St. Jude Medical, Inc. (NYSE:STJ), a global medical device company, has announced the first use of the company’s renal denervation catheter and generator system, as part of a feasibility study of the new technology. The technology was developed as a treatment for resistant hypertension (high blood pressure that is not well controlled by drug therapy). Prof. Stephen Worthley, Helpman Chair of Cardiovascular Medicine at the University of Adelaide, performed the first procedure at the Royal Adelaide Hospital in South Australia.
“We have leveraged our company’s extensive experience in ablation technologies to develop a renal denervation system that provides physicians with an alternative therapeutic option for patients with resistant hypertension,” said Frank Callaghan, president of the St. Jude Medical Cardiovascular Division. “This technology could potentially help alleviate some of the $500 billion impact that hypertension has on our health care systems by reducing or eliminating costly and lifelong medication use. Patients could potentially benefit through an overall reduction in risks for cardiovascular side effects of hypertension, including death.”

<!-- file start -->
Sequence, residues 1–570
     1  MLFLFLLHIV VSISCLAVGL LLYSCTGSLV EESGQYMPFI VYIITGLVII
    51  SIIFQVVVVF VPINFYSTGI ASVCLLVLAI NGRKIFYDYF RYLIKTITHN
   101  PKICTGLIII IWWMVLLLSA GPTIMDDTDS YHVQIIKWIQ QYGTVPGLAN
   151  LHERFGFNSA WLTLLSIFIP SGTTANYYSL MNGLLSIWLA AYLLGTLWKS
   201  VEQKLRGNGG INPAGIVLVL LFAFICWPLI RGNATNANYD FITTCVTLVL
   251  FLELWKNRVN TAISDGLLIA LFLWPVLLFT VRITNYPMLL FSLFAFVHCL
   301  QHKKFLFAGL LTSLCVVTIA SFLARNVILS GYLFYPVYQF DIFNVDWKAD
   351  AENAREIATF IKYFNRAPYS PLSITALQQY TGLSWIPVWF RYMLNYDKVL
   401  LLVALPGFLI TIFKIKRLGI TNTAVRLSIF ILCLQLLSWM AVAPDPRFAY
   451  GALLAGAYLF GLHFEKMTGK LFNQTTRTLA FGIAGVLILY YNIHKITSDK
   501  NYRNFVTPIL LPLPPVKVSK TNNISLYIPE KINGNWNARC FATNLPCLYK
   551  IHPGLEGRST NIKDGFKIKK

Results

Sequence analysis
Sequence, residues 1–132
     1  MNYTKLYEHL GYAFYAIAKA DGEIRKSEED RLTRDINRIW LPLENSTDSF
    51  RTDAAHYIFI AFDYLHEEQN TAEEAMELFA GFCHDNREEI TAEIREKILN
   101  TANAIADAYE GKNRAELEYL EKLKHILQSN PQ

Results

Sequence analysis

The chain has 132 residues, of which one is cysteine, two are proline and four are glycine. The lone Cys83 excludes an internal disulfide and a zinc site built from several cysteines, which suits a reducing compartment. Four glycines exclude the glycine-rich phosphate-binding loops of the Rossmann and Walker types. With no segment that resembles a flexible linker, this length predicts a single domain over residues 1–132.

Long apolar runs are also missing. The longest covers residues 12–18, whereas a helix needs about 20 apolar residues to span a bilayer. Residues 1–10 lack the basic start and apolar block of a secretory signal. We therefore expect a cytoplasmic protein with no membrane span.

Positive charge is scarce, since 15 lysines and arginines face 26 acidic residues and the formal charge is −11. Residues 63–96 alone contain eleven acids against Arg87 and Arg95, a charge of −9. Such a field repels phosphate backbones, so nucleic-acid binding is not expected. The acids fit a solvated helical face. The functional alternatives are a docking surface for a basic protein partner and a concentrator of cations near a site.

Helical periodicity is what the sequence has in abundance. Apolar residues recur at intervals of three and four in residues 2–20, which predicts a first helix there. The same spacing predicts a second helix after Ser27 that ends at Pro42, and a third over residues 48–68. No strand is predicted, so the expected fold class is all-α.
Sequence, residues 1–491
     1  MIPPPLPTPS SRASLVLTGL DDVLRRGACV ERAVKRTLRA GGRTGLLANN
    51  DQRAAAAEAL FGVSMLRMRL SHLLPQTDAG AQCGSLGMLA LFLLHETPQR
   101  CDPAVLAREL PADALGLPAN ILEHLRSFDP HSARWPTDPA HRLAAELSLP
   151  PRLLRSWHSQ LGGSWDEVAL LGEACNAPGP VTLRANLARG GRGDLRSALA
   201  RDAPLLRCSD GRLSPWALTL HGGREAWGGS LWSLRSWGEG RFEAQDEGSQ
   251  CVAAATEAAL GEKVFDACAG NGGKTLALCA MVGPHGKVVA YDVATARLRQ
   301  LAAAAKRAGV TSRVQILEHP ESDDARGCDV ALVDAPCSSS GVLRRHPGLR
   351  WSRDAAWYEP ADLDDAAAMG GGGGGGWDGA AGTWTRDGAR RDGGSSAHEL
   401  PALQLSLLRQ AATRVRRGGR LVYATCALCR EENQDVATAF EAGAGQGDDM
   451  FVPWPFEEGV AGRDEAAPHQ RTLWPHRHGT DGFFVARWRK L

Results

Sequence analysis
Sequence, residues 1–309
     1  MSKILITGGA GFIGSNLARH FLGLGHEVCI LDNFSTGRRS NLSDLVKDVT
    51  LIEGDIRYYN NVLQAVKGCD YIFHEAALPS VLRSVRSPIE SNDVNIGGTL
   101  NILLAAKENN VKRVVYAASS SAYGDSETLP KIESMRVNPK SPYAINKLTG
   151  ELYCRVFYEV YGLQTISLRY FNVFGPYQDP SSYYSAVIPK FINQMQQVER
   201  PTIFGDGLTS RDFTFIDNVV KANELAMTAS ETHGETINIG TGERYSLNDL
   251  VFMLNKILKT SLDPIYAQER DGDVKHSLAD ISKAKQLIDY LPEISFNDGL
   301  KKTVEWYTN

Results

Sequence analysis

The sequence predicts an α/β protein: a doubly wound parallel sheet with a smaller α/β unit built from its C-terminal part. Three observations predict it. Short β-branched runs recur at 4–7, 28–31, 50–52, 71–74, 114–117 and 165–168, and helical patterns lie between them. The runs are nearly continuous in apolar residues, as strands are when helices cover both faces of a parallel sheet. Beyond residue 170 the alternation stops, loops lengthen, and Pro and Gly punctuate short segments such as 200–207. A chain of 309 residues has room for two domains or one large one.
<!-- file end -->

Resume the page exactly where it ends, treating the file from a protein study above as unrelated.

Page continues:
Commenting on the procedure, Prof. Worthley said, “The design of this catheter minimizes the need for extensive catheter manipulation, which could potentially shorten procedure time, limit contrast use and reduce fluoroscopic exposure for me, my patients and other cath lab staff.”
Hypertension is defined as systolic blood pressure over 140 mmHg or diastolic blood pressure over 90 mmHg. For every 20 mmHg rise in systolic blood pressure, the risk for cardiovascular disease doubles. Approximately 75 million patients in the U.S. have hypertension, with more than five million patients resistant to drug therapy.
St. Jude Medical expects a limited market launch in Europe before the end of 2012.
Source: St Jude Medical